The Office of Federal Contract Compliance Programs (OFCCP) recently held two town-hall meetings to discuss compliance issues relevant to federal contractors and subcontractors in the technology sector. The first of these events, which the OFCCP touts as aimed at providing “better and more targeted compliance assistance,” was held in San Jose, California on February 26, 2019 with another held in Seattle, Washington on February 28, 2019. According to OFCCP, “[t]hese events provide the contractor community, interested stakeholders, and the general public an opportunity to be heard and express valuable opinions on how OFCCP can help contractors achieve compliance.” Here are some highlights from these town hall meetings.

During the San Jose meeting, Director Craig Leen assured attendees that it is not targeting or singling out the technology industry for review—despite high-profile litigation OFCCP has brought against several tech giants. Attendees of the San Jose tech hall expressed concerns over how OFCCP organizes pay data for analysis, citing wide variances in job titles and duties in the technology industry. Leen defended OFCCP’s practice, stating that grouping job titles gives the agency a reliable comparison and that “[o]therwise, no one’s really looking at pay across the company in any meaningful way.”

In Seattle, Leen opened the town hall by addressing many misconceptions about the current administration and recommending that contractors “check your assumptions at the door.” He touted the agency’s recoveries of over $44 million in monetary relief for victims of discrimination in fiscal year (FY_ 2017 and 2018 as proof of the agency’s success. Leen noted these recoveries were more than double those made during the prior two years when OFCCP operated under active case enforcement (ACE), which he criticized as ineffective for ferreting out discrimination in the workplace. While promoting goals of consistency, efficiency, transparency, and certainty, Leen made it abundantly clear that if OFCCP detects issues that it cannot resolve with contractors then the agency will proceed to enforcement on an expedited basis.

Section 503 Focused Reviews

Much of the discussion during the Seattle town hall concerned Section 503 focused reviews, which are set to begin in a few months. Leen spoke passionately about the need for greater inclusion in the workplace for individuals with disabilities and noted that individuals with disabilities face significant obstacles in the workforce. He cited a wage gap of 20 percent for individuals with disabilities, an unemployment rate for individuals with disabilities that is nearly double the rate for those in the general population without disabilities, and the fact that individuals with disabilities have a labor force participation rate of approximately 20 percent compared to 68 percent of those without disabilities. OFCCP has included 500 contractors’ corporate headquarter locations on its courtesy scheduling announcement list, which will be published in mid-to-late March. Those identified for Section 503 focused reviews can except mandatory on-site visits to include OFCCP’s interviews of Chief Human Resource Officers, Chief Diversity Officers, and employees that have identified as an individual with a disability.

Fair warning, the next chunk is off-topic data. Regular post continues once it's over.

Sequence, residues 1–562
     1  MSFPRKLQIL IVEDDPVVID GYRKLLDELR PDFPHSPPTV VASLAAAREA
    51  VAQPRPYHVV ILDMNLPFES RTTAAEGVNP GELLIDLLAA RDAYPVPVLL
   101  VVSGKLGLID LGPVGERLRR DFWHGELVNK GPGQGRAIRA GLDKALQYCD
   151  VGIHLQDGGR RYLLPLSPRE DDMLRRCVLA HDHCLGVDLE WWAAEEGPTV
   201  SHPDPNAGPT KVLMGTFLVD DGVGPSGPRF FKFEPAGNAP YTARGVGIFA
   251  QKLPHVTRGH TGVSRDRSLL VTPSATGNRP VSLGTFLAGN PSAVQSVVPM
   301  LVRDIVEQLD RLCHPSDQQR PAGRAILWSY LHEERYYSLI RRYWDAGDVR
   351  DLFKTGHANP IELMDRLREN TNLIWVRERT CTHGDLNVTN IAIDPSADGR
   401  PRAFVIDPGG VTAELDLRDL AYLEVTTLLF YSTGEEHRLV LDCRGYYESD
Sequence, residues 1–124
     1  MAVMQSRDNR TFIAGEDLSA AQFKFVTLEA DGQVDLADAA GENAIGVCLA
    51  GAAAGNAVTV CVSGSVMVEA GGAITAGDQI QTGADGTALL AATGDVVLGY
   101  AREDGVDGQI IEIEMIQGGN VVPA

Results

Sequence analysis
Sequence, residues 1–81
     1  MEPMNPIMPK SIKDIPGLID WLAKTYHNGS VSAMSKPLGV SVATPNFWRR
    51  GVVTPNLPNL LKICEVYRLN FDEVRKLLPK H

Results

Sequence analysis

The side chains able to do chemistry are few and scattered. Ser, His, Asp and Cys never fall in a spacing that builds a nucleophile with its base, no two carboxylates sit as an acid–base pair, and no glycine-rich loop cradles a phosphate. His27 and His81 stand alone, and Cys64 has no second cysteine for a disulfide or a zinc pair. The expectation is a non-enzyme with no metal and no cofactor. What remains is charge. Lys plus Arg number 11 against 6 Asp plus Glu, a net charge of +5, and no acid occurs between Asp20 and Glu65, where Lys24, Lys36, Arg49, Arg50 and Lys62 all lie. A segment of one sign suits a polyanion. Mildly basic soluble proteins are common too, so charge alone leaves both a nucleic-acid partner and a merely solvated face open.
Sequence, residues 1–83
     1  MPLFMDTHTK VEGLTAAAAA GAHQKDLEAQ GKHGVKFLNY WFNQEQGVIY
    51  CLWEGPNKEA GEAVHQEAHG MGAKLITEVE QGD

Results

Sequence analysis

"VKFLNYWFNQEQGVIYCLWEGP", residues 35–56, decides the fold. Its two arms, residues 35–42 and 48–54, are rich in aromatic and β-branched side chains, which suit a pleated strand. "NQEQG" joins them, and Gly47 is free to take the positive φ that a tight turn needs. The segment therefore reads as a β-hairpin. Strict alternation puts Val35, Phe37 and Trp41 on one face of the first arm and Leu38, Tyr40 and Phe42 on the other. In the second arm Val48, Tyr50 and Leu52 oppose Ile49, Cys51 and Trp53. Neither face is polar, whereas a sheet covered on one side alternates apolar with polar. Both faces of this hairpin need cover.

Section 503 Focused Review Best Practices

Leen also announced the following eight best practices for Section 503 compliance:

  1. Maintain a Centralized Reasonable Accommodation System.

OFCCP stated a centralized process for reasonable accommodations would ensure fairness across an organization and would leave decisions to those that were properly trained to make them instead of a decentralized approach that organizations might apply inconsistently. OFCCP stated that most reasonable accommodations were “free” and the median cost of a reasonable accommodation was $500. By centralizing the decision-making for reasonable accommodations, an organization could make more informed decisions regarding the financial costs associated with requests instead of leaving these decisions to managers who are not trained to make legal judgments.

  1. Ensure That Top Leadership Endorses and Supports Disability Inclusion Through Video and Correspondence.

Leen cited to the agency’s own video on OFCCP’s website discussing the importance of disability inclusion and compliance. OFCCP recommends that CEOs and other company leadership take similar actions to create an inclusive workplace.

  1. Coordinate with State and Local Rehabilitation Agencies.

Leen noted that partnering with these local and state agencies is one excellent way to demonstrate good faith and touted the ease involved in coordinating with these agencies.